In photography, lighting is key! From the amount of light used, to the way that light hits the subject, each variable affects the final outcome of your photo. In today’s photography tutorial, we are going to take a look at the two main light sources that impact your photo. So let’s have at it!
The sun is the biggest source of light we have, so of course it’s one of the best! However, just going outside and shooting whenever the sun is out isn’t always the best approach. The brightness and location of the sun can definitely work against you. At noon, for example, the sun is high in the sky and casts dark shadows under your subject’s eyes. If its too bright outside, your photos may be over exposed, blowing out the details you had hoped to capture in the background. The brightness can also cause your human subjects to squint and frown, which we’re sure isn’t the photo you’re hoping to capture. With these things in mind, here are some tips on how to make this natural light work for your shot.
The setting sun allows you to capture all the details of the building without all the shadows.
Wait till the sun is low in the sky, casting light on your subject from the side. Side or angled lighting will prevent the look of a harsh spotlight. The “magic hour,” which happens during early morning and late evening, is a great time to schedule a photo shoot. Side lighting is present because the sun is low and there is the extra benefit of a beautiful sky backdrop.
Notice the sun “rays” and the slight rainbow effect the sunflare has caused.
Try your best to keep the sun diagonally behind your subject. This prevents squinting, provides great lighting, and reduces the chance of sunflares in your photos. Sunflares cast a haze on your photo, showing the rays or rainbow-like streaks (similar to a prism) in your photo. If you choose to backlight your subject (having the sun directly behind your subject), check your photos to make sure your subject’s face isn’t too dark. If this is the case, you may need to use a reflector or flash to bring light to their face. Depending on your budget, you may want to invest in a lens hood. This device is attached to your lens and decreases the chances of sunflares appearing in your photos. If you’re on a tighter budget, try creating your own lens hood with cardboard or using this printout.
The window prevents the sun from being seen, but lights up the bracelet beautifully.
Natural lighting can be achieved in an indoor setting as well! Shoot photos near a window to achieve side lighting, while capturing the sun’s natural light. Open up all the curtains or blinds to let the light flow into the room you’re using. The natural light will bounce off the walls and the room will appear brighter!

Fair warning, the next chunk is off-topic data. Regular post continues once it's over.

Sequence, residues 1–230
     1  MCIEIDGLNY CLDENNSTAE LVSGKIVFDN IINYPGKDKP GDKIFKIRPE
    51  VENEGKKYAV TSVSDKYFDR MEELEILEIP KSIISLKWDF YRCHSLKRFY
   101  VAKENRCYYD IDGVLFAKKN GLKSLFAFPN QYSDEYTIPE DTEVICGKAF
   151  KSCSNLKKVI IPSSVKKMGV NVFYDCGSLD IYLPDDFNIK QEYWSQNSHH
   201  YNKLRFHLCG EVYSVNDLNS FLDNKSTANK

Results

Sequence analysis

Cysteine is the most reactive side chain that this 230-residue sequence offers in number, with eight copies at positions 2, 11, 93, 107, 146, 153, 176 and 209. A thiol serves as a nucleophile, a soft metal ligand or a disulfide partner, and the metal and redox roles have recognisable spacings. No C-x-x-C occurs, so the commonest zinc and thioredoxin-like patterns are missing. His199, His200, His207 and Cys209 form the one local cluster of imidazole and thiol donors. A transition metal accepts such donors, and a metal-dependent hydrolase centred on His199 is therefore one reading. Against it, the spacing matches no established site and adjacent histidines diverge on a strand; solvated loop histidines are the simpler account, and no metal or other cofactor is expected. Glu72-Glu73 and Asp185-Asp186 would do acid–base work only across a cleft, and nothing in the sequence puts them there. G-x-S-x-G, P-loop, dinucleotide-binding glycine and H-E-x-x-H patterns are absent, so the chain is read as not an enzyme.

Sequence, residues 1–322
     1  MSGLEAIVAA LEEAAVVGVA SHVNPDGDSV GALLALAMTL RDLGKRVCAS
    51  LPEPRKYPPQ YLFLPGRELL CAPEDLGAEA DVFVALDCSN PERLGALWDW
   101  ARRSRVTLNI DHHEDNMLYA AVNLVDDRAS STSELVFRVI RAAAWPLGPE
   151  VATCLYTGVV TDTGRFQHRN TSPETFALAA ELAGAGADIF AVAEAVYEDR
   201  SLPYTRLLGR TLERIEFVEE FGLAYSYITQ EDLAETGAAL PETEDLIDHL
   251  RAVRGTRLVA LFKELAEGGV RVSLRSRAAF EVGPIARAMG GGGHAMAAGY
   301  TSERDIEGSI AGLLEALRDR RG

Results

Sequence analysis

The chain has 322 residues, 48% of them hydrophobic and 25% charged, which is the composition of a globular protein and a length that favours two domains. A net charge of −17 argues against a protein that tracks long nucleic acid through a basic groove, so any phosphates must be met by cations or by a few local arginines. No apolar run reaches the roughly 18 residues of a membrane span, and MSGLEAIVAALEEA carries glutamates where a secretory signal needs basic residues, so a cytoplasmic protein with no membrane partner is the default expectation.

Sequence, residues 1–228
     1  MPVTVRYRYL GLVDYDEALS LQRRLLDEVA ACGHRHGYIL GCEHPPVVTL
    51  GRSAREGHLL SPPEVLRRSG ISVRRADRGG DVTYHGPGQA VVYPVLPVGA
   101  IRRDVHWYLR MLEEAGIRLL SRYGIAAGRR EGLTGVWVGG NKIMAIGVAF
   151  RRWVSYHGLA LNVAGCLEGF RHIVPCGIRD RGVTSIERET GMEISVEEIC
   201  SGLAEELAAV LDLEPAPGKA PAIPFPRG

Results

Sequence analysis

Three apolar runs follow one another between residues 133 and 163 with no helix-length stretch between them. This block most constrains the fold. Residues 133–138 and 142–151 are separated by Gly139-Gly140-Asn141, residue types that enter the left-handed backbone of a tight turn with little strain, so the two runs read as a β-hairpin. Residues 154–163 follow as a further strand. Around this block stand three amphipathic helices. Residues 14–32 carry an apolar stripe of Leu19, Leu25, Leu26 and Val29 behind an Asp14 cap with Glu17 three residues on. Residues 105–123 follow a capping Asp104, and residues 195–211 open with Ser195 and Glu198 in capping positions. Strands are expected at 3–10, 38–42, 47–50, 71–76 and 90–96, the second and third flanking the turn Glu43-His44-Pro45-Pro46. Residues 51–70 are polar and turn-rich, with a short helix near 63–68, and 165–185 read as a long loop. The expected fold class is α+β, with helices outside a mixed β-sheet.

Unfortunately, the sun is not always at our disposable, so there will be times when artificial lighting will be needed. Enter the flash (no… not the quick red super hero, but that bright light on your camera ). Personally, I try to avoid using the flash as much as possible because the camera’s built in flash is usually set too close to the lens, creating a harsh light with strong shadows.
The flash has been moved far above the band, allowing you to capture the subject, while still keeping some of the background.
If your camera allows, move the flash further away from the lens. A softer light can also be achieve by pointing the flash in a different direction from your subject. The light isn’t shone directly on the subject, but the flash still goes off to illuminate your surroundings. If possible, bounce the flash off a wall to create a luminous effect. Doing this will make the space brighter and help to achieve side lighting, instead of direct lighting.
The background is dark, busy and in the distance, preventing the strong outline the flash creates.
If you must use the flash, be mindful of your background. If you are photographing against a light wall, the shadow the flash creates will be more prominent. To avoid this, position the subject away from the wall or choose a darker background. Shadows are less noticeable on a darker wall or amidst other objects. For point and shoots, where the flash is built into your camera, try turning your camera upside down. This will allow the camera’s flash to illuminate the subject from underneath, instead of putting a spotlight directly onto your subjects face. The shadows the flash normally creates will be filled instead.
Understanding your light source and knowing how it affects your shot will help to improve your photography skills. Experiment with the tips we’ve mentioned above and you’ll soon notice an all around improvement in all of your photos! If you don’t believe us, start a Mixbook to track your progress. Any of our portfolio themes provides a great way to view your photographic progress. Tune in next week to find out how to manipulate your light source to get the perfect shot!